Here’s where things get interesting. Stone is not alleging that Carey’s version of “All I Want for Christmas is You” infringes upon his own version in any way other than the title.
The problem is that titles are not copyrightable in themselves.
U.S. copyright law says that “names, titles, and short phrases” have what they call “insufficient amount of authorship or creativity.” In other words, titles are just too short to be protected by copyright. They are used as a sort of shorthand that describes the contents of the actual work, that is, the brush strokes, notes, or exact arrangement of words and punctuation comprising a work. Thus, The White Album, while universally associated with The Beatles, could be used as the title of another album by, say, a rap artist, as long as the artist in question didn’t use The Beatles’ signature cover for their own album. You can have two paintings called Abstract #2 by totally different people, and as long as the images are sufficiently different, the titles are irrelevant. The United States Copyright Office lists 177 songs by that name on its website. The first dates to November 1963, and was registered by an A.C. Williams. If that surprises you, consider there are nearly registered 5,000 works, including songs and books, with the title “My Baby.” If titles were copyrightable, people would quickly run out of names for anything at all! Congress recognized this when they passed the Copyright Act, making titles by themselves largely irrelevant.
In addition, the two works are sufficiently different both musically and lyrically that, aside from the title, which is included in both works, it would be incredibly difficult for Stone to prove infringement by Carey, which is going to be a pivotal consideration. Unlike trademarks, where brand dilution or consumer confusion is a valid concern, art and music lovers and readers are generally held to be sufficiently discerning consumers to be able to tell the difference between works with the same title.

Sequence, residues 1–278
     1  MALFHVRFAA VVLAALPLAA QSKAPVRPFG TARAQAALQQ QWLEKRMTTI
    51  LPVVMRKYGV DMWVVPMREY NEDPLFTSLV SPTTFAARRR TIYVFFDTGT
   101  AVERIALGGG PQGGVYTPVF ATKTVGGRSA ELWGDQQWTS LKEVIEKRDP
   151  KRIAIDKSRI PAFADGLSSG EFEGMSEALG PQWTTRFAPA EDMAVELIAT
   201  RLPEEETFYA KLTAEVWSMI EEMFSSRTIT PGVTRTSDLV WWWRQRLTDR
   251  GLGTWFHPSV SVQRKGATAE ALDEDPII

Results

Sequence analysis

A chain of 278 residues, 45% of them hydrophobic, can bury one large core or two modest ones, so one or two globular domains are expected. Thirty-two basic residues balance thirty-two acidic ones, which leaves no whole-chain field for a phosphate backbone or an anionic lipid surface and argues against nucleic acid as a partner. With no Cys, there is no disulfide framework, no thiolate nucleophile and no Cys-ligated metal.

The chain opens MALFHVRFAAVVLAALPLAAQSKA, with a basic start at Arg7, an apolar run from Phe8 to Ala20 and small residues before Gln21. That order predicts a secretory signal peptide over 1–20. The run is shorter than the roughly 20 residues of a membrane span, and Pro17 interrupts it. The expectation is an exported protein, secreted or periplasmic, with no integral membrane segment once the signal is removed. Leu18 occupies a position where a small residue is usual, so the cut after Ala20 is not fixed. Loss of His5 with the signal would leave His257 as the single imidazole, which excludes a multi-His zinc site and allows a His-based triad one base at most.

In America, you can sue anyone for any reason at all.
Thus, even if you have a lawsuit that seems nonsensical on its face, the American legal system guarantees the right for you to file on the somewhat ungrammatical basis of “Ya pays yer money and ya takes yer chances.”
Because of this, Stone can sue Carey. The case is unlikely to go anywhere if it remains based only the similarities in the titles in question since short titles aren’t copyrightable.
But what is he thinking?
Since I’m not on his legal team, I honestly couldn’t say what he hopes to achieve here. One could argue that this suit appears to be a cynical publicity ploy, making the success or failure of the suit largely irrelevant.
One could also argue that perhaps Stone, or his legal counsel, actually think there is room for an argument that this particular title should be copyrightable and therefore the suit would be valid. $20 million is a nice payday if you can get it, but if the media coverage of the suit brings in five times that, Stone wins regardless. (Although Carey is still likely to do even better, when interested listeners play the tracks side by side to compare them.)
But my gut insists that Stone’s lawsuit is, as they say down south, “a dog that ain’t gonna hunt.”
About John Rizvi, Esq.
John Rizvi is a Registered and Board Certified Patent Attorney, Adjunct Professor of Intellectual Property Law, best-selling author, and featured speaker on topics of interest to inventors and entrepreneurs (including TEDx).
His books include “Escaping the Gray” and “Think and Grow Rich for Inventors” and have won critical acclaim including an endorsement from Kevin Harrington, one of the original sharks on the hit TV show – Shark Tank, responsible for the successful launch of over 500 products resulting in more than $5 billion in sales worldwide. You can learn more about Professor Rizvi and his patent law practice at www.ThePatentProfessor.com